Friday, April 15, 2011

Managed Metadata, Taxonomy, and Collaboration Features in SharePoint 2010

Previously in this blog, I've discussed the basic managed metadata capabilities in SharePoint 2010, that is, the ability to import taxonomies into the SharePoint 2010 Term Store and then tag documents with metadata from these taxonomies in a managed metadata column by browsing through the taxonomy hierarchy or using the type-ahead search feature. Once documents are tagged users can then browse through document libraries or filter through search results using the managed metadata tags.

Managed metadata can be used in many other ways in SharePoint 2010 as well. Today, I wanted to discuss the way managed metadata and taxonomy can power social features and collaboration in SharePoint 2010. 

Term sets can be accessed from other areas besides managed metadata columns.  First, let's look at the "Tags and Notes" button in the upper right hand corner of screens in SP2010.  Here, I have selected a paid time off form that WAND uses internally and loaded into SharePoint 2010.    I was able to add two tags that are from the General Business Taxonomy which I have loaded into the term store, but I was also able to add my own keyword "Documents I often use" which will go into Sharepoint as a metadata keyword and will also appear on my user profile. This shows how users can take advantage of a combination of managed term set tags as well as their own social or folksonomy tags.  If I choose to make these tags public, then other users will be able to search by these as well and even apply the tag "Documents I often use" to documents that they want to tag.  I can also make some reference notes about the document on the "Note Board" that others can see.


   
Once I've tagged a document in "Tags and Notes", I can click on "My Tags" and it takes me to my profile where I, or other colleagues, can see all the documents that I have tagged with managed metadata or with metadata keywords.    You can see that a tag cloud has been started to show the tags that I've used most often, in this case, Human Resources.  This gives people a pretty quick view on the types of documents that I'm particularly interested in. There is an activity flow on the right that shows the types of documents I've tagged most recently. I can filter this activity flow using the tags that appear in my tag cloud.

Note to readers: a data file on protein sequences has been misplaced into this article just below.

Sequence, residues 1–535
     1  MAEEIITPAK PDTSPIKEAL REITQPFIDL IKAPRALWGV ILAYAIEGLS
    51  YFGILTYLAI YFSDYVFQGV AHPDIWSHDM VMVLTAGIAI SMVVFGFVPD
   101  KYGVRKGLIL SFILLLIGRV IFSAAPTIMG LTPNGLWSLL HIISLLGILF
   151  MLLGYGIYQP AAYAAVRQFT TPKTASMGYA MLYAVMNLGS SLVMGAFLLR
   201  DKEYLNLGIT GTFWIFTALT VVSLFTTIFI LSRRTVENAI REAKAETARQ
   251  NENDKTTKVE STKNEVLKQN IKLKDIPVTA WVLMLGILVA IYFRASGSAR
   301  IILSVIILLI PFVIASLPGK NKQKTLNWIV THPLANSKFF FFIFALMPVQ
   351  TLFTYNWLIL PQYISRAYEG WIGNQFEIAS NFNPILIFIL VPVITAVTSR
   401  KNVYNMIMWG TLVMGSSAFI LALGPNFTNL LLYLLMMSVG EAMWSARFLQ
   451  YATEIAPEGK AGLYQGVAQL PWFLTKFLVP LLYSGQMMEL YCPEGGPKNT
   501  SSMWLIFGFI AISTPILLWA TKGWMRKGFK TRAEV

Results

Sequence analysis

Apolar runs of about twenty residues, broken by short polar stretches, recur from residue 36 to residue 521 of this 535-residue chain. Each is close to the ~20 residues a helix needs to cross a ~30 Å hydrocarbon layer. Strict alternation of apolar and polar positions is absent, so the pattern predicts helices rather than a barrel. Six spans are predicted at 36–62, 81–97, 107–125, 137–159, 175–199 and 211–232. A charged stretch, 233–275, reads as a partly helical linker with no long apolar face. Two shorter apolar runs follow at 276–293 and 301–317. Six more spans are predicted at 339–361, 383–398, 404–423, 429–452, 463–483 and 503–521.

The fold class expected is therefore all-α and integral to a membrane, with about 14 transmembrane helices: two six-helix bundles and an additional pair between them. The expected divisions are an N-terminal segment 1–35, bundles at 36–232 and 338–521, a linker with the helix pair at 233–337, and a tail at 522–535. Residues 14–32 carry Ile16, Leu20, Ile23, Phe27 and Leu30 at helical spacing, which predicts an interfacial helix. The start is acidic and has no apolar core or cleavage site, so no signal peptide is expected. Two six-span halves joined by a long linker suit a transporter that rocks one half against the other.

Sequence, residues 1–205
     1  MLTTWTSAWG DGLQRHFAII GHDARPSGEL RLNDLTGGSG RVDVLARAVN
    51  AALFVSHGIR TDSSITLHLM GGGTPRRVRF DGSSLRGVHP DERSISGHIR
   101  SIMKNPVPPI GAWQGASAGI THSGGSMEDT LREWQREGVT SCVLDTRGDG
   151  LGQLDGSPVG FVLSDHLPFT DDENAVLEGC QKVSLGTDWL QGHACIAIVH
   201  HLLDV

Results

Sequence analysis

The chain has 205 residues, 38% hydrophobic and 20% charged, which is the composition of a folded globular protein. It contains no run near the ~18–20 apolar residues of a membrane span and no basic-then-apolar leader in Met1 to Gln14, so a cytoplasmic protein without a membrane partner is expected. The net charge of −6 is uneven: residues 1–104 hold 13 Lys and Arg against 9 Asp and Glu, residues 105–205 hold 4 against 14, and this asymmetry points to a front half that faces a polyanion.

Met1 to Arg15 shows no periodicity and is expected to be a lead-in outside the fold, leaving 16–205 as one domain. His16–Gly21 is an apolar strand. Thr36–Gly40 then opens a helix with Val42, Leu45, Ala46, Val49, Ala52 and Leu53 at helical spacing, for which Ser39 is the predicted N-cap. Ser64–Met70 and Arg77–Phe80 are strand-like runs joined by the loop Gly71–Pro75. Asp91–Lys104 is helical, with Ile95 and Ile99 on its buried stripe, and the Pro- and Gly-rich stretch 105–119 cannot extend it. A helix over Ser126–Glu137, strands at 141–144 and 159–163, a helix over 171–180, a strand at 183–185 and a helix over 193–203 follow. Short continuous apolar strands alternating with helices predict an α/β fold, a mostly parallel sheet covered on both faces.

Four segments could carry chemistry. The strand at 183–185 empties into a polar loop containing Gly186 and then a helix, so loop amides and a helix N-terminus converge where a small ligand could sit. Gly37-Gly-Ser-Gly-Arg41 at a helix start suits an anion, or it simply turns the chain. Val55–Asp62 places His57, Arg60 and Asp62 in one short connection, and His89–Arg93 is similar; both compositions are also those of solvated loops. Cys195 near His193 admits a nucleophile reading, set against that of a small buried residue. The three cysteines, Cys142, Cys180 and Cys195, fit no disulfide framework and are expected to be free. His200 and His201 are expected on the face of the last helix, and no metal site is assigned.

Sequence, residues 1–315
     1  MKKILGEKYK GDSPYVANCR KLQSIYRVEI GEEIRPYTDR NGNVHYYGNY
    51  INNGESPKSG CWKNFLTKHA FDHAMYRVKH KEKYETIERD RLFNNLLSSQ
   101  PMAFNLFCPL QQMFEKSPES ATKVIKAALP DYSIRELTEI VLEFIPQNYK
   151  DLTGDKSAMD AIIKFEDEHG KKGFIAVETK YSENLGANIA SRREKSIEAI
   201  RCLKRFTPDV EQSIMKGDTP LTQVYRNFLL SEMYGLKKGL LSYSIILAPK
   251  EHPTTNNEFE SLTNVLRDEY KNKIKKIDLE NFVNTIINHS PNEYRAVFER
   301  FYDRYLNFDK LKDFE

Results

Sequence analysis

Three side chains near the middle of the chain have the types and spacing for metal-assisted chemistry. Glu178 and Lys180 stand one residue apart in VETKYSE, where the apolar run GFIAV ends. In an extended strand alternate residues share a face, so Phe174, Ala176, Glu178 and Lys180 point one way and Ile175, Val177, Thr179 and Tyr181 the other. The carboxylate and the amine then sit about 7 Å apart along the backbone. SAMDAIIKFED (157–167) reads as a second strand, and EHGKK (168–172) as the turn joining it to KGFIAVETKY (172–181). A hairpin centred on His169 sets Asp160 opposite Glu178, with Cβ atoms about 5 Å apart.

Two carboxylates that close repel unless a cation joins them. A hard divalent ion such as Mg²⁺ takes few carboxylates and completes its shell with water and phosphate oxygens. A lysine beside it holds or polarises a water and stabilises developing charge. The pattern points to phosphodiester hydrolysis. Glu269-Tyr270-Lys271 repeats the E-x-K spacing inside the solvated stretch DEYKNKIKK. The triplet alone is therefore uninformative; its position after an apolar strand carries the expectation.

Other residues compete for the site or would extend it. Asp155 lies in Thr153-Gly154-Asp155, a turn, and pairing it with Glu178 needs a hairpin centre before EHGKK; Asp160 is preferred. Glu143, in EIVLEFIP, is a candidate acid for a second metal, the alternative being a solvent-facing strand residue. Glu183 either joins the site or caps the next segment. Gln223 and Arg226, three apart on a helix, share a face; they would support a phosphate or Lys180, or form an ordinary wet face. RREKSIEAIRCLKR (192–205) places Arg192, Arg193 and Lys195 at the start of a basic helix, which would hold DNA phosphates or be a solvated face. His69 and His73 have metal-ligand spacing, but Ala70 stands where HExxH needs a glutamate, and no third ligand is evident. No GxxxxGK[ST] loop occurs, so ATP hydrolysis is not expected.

Once great feature of SP2010 is the ability to tag pages on the general web with managed metadata and managed keywords.  Below, I've tagged an article on Yahoo! about a baseball game using managed metadata from the WAND News Taxonomy.    You could imagine finding an interesting article about an important topic to your business and tagging it with a managed metadata term.  This allows me to keep track of items that are important to me, but also to share and expose them with my colleagues.



Now, by clicking on the overview tab, we see how my profile summary will look to the organization. You can immediately see that I have tagged myself as and expert in the managed metadata tags "Human Resources"  and "Long Term Disability". 


This is a powerful feature that allows everybody in the organization to claim their areas of expertise and make themselves easily available as a resource for answering questions about that topic.  

Here, managed metadata truly drives collaboration by connecting the experts in an organization with the people who need their expertise.








Finally, each individual managed metadata term has it's own profile page where users can see document that have been tagged to that term. Users can list the tag in their own profile as an interest or list the tag as an area of expertise on their profile.  A user could also see what other people may be following the same tag, providing another means to connect  up with others in the organization.




The collaboration and social features in SharePoint 2010 can be extremely valuable for sharing information and ideas inside of an organization.  These features also further underscore the value of taxonomies and managed metadata.   By deploying normalized managed metadata tags based on controlled taxonomies, you can ensure that people are using the same terms to assign tags based on product names, department, subject area, or other taxonomy areas. For example, without a managed term set, you may have one expert tagged to HR, one expert tagged to Human Resources, and one expert tagged to "Employee Issues".  This would act as three different tags when there should only be one.   Or, if one tag is LTD and another is Long Term Disability, then a user expressing interest in one of these tags would miss out on all the documents associated with the other version. 

As always, WAND has a large library of pre-built taxonomies and professional services to help your organization get started with a managed metadata initiative in SharePoint 2010.